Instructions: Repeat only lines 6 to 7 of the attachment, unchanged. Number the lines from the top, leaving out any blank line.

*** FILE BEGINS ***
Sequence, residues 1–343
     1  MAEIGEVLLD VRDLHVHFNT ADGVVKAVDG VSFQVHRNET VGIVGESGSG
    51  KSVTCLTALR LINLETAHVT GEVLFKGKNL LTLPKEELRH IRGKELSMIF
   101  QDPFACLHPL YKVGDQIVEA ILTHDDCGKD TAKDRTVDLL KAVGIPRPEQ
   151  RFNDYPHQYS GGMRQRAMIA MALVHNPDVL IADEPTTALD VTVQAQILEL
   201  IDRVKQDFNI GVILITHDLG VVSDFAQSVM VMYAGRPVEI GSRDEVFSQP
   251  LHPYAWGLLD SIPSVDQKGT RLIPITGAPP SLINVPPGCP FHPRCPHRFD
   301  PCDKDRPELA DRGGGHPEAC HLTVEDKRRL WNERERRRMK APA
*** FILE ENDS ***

   201  IDRVKQDFNI GVILITHDLG VVSDFAQSVM VMYAGRPVEI GSRDEVFSQP
   251  LHPYAWGLLD SIPSVDQKGT RLIPITGAPP SLINVPPGCP FHPRCPHRFD